Electronic Transfer: This option requires you have a personal chequing account and is much like giving a void cheque to your employer; you are giving permission only to do authorized transactions. Whether you’re asking for money to be taken out or put back in, only the transactions you request can take place. Your account number and bank routing number are used to verify your account and once that is set up, things are instant, free of fees by the site and you can deposit easily from home.

Verifying your account isn’t hard either. If you’ve ever used PayPal to shop on eBay, you’ve already got the process licked; a few small deposits are made into your account first and you “verify” those amounts with the site that only the account holder can see to get things going.

Our expert had this to say; “Pretty good with PartyPoker for deposits and withdrawals. It gives you about $500 to start and then comes out of your bank a few days later. It also has a good withdrawal option, but not sure about limits.  I think believe about $2,500 for a withdrawal, which hits your bank in up to 5 business days. I know for me, it hits my bank in 2 days.”

INSTADEBIT (eWallet): A “buffer” of sorts that creates a barrier between your personal account and the site. You set it up the same way you would an Electronic Transfer, but the money goes from your account to a virtual wallet, which can then be used to deposit and withdraw from the site. Not just gambling sites accept INSTADEBIT, so it can be handy for other purchases. As with everything involving transactions to “clear”, the back and forth process can be a bit slower than a direct transfer, however, as successful and legitimate transfers are done, generally speaking payments from merchant to e-wallet and vice versa usually see limits increase along with speedier processing times.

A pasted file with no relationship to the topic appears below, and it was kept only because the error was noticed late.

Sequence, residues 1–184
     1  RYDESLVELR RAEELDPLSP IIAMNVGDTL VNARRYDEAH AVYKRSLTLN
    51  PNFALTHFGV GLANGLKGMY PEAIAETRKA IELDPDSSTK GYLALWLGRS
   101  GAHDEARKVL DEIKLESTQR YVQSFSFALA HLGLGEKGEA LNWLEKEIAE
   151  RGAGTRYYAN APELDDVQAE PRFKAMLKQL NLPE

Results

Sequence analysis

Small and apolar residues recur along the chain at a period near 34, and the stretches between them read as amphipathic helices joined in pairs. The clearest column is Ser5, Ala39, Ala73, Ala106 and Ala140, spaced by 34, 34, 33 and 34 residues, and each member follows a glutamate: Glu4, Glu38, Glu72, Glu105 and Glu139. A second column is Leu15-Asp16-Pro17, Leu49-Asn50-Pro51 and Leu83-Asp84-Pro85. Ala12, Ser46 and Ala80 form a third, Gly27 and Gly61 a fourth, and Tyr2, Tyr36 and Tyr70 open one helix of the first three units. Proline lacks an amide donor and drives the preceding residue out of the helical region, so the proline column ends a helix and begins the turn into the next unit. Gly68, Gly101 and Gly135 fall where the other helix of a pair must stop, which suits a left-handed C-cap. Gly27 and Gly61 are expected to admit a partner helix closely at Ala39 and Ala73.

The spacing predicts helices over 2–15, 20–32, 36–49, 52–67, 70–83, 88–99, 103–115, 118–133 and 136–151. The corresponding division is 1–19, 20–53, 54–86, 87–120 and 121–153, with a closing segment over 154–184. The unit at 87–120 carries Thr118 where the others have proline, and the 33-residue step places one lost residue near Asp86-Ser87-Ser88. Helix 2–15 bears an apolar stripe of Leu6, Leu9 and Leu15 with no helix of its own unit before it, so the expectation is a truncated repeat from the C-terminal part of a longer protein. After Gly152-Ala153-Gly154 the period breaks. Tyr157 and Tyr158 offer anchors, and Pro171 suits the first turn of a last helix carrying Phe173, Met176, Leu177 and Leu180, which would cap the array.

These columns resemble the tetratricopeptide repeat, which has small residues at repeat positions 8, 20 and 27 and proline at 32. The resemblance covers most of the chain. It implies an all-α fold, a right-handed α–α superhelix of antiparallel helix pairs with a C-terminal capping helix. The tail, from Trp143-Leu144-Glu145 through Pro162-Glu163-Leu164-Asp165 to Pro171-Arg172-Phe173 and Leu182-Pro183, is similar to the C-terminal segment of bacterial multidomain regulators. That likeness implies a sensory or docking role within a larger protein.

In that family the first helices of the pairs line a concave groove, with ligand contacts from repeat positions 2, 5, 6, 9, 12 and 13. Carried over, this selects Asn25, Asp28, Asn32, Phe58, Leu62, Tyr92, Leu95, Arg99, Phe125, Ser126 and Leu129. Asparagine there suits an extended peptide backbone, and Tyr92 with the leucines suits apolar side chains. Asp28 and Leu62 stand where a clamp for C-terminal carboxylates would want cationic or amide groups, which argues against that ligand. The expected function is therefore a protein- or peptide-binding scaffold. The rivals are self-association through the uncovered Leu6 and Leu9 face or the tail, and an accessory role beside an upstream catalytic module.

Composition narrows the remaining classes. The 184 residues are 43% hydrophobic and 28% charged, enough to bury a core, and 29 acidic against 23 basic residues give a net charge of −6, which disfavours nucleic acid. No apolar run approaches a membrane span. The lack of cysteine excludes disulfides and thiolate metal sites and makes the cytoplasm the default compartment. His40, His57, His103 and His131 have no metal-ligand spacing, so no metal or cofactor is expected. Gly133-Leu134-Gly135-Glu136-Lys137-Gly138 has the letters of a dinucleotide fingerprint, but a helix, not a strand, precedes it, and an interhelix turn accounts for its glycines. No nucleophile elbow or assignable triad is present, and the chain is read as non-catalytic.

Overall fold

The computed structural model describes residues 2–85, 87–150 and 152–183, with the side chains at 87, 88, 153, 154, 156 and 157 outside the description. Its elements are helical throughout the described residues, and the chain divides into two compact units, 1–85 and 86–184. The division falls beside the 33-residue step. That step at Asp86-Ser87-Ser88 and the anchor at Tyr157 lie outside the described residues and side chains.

Bank Wire Transfer: This is your best option for large transfers and wire info is quick and easy to obtain at the customer service desk of your bank. As players begin to travel to events, it’s great to understand the process and wait times of wiring money; not just to sites, but to other countries as it saves the risks associated from having to carry lots of cash.

While it can take 1-6 days for transactions to clear, this is really the best secure option for large deposits or withdrawals, (usually a minimum of $100 up to a maximum more than most annual salaries) as limits that normally apply to instant deposit methods, credit or debit cards are superceded using the bank wire method. 

Entropay (VISA): This option basically allows you to sign up for a service that takes the restrictions off your cards in terms of where you use it.  Our expert backed this up saying, “Seems alright, just another way to get your Visa accepted if declined directly at the site. Then you register for Entropay. The verification for an account can take more time sometimes, but still pretty decent and is good as an additional option if you want to get about 500 bucks online.”

MyMonedero (Virtual MasterCard): Another type of e-wallet, but still considered a Credit Card. It can be used as such once funds have been added, which can be done with most major “bank issued” credit cards. Like Entropay, this just gives the consumer more freedom and privacy to choose where to spend their money.